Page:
Whitneyville Apartment Explosion 1181 Whitney Avenue Tuesday, October 18, 1977
Off-duty Hamden firefighter Ralph Tomaselli was working his part-time job at Stone's Sunoco station at Whitney and Auger when a gas-fed explosion destroyed an apartment building right across the street at 1181 Whitney Avenue. Ralph, along with fellow employee Wolfram Kaminskas and by-stander Gary Jones, immediately rushed into the burning debris in an attempt to rescue two elderly victims. CLICK on The New Haven Register article below for the story.
CLICK image to enlarge for easier reading
Captain Daniel Liston of HPD confers with Chief V. Paul Leddy (Hamden Chronicle photo)
Hamden firefighter operates ladder pipe from the 1970 100' aerial truck as Training Officer, Dep. Chief Ken Harrington and another Hamden firefighter check through the debris below. (Hamden Chronicle photo)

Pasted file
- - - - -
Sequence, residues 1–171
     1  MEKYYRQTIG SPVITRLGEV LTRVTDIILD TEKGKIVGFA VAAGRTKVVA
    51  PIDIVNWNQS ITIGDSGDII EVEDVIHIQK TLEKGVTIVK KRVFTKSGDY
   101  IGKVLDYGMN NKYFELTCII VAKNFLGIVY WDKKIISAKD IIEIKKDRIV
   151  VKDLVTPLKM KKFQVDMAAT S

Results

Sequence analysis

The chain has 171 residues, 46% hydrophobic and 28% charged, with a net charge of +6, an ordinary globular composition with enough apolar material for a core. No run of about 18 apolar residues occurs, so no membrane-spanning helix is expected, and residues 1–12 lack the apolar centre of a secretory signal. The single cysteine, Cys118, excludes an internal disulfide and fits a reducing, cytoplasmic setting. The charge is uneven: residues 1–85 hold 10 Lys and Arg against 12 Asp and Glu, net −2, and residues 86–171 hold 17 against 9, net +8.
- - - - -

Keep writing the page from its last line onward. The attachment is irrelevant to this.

CLICK to enlarge for easier reading (Newspaper articles on this page courtesy of Gilbert Spencer)
Firefighter Ralph Tomaselli and Civilians Recognized for Heroic Efforts Following Blast
Annual Dinner at Reilly's Restauarant, April 6, 1978 - Hamden Firefighters' Association president Bob Slater presents the 1978 Alfred Ramelli Award to Firefighter Ralph Tomaselli. L-R: Craig Reynolds, Rev. Owen Sanderson, Pres. Slater, Wolfram Kominskas, Ff. Tomaselli, and Bob Stone.
On October 18, 1977, Firefighter Tomaselli, who was off duty, and the civilians pictured here were at the scene within seconds to search for and assist victims following an apartment building explosion at 1181 Whitney Avenue.
At 1:30 Thursday afternoon, Hamden fire apparatus were dispatched to a reported structure fire at 23 Newton Street in the Hamden Plains section of town. A single 9-1-1 caller had notified Central Communications that flames were showing from the rear of the multiple family home. Engine 2 from Circular Avenue arrived on scene at 1:31 and confirmed a working fire at that location.